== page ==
Government Blocks Encrypted Tunnels Through Great Firewall; Fang Binxing Talks Internet Sovereignty

Forbes reports that administrators of China’s Great Firewall Internet censorship system appear to be testing a new roadblock for encrypted connections which previously could access blocked websites:

In the cat-and-mouse game between Chinese censors and Internet users, the government seems to be testing a new mousetrap–one that may be designed to detect and block tunnels through its Great Firewall even when the data in those tunnels is aimed at a little-known computer and obscured by encryption.

In recent months, administrators of services with encrypted connections designed to allow users secure remote access say they’ve seen strange activity coming from China: When a user from within the country attempts to reach a server abroad, a string of seemingly random data hits the destination computer before he or she can connect, sometimes followed by that user’s communication being mysteriously dropped.

The anti-censorship and anonymity service Tor, for instance, has found that many of its “bridge nodes”–privately-placed servers around the world designed to connect users to the rest of Tor’s public network of traffic re-routing computers–have become inaccessible to Chinese users within hours or even minutes of being set up, according to Andrew Lewman, the project’s executive director. Users have told him that other censorship circumvention services like Ultrasurf and Freegate have seen similar problems, he says. “Someone will try to connect, then there’s a weird scan, and the bridge stops working,” says Lewman. “We see weird things all the time, but this is a semi-consistent weird thing, and it’s only coming from China.”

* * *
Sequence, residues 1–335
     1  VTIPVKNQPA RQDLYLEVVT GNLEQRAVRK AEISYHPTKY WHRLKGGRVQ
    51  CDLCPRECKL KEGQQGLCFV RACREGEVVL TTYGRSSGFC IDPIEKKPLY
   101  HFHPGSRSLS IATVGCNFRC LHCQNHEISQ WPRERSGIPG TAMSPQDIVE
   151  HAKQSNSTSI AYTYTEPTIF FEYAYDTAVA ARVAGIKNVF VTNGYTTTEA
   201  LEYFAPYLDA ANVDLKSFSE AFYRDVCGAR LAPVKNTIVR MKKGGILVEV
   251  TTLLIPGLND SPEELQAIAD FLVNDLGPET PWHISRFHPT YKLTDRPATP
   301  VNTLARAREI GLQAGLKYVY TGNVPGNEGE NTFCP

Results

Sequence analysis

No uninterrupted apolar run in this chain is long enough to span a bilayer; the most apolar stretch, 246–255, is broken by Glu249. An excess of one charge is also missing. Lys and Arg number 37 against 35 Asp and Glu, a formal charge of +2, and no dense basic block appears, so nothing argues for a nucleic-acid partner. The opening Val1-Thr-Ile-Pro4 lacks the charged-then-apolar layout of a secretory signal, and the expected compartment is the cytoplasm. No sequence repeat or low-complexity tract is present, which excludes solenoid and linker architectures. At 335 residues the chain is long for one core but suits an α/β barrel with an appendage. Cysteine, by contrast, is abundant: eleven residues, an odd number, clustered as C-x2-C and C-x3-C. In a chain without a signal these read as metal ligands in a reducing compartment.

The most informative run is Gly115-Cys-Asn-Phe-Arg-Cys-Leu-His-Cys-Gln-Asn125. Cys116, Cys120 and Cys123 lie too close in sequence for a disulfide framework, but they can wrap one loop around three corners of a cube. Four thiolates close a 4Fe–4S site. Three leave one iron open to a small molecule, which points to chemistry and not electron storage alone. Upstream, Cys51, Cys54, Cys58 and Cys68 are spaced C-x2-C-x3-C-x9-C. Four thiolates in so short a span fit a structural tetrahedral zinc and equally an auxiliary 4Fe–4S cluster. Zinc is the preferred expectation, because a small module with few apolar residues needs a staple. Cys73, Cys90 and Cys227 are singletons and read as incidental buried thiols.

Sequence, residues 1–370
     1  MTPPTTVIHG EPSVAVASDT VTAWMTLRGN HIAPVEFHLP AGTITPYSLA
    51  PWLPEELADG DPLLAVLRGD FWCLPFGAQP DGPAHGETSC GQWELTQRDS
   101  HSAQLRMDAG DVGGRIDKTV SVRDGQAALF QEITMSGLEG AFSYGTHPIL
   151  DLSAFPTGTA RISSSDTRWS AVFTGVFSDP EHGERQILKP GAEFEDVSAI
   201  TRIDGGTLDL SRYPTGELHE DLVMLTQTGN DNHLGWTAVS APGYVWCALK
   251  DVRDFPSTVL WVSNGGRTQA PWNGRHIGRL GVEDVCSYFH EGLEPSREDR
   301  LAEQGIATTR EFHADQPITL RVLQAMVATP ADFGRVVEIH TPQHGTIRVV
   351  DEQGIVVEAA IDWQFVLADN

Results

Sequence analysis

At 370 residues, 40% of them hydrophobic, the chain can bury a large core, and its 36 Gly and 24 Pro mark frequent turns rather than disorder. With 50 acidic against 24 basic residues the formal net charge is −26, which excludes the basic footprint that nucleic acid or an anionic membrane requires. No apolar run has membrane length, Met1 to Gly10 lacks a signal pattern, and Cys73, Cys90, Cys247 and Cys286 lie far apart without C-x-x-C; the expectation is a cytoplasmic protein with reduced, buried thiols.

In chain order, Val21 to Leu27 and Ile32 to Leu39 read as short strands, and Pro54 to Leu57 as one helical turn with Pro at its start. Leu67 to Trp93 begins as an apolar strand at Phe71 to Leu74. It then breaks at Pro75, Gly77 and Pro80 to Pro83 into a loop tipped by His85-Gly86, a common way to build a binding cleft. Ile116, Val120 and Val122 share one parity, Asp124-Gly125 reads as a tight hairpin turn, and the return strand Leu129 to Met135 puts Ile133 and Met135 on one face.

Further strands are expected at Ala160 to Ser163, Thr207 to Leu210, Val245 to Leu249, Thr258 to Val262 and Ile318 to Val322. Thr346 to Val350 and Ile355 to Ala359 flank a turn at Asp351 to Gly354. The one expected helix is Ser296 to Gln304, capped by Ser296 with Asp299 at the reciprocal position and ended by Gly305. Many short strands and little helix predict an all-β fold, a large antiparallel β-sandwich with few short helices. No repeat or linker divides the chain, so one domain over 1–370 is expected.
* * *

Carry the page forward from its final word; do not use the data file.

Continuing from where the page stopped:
Also related, the so-called Father of the Great Firewall, Fang Binxing, recently gave a speech on “the future of Internet security” in which he emphasized the need for Internet sovereignty. Translated by Global Voices:

In his conclusion, he put forward the need for ensuring China’s Internet Sovereignty and there are four principles for enhancing such sovereignty:

1. Independency – Against foreign intervention of the network. The government can negotiate for unilateral or multinational agreement for network access.
2. Equality – Against monopoly of giant ISPs such as Sprint and the so-called global principle in Internet governance.
3. Self-Defense – In order to self-defense, a sovereignty should have the rights to cut off from illegitimate network connection.
4. Governance – Against unauthenticated connection, access and plugin. Fang used Google’s pulling out of China as an example to imply that when a company pulls out, its service in China should be ceased.


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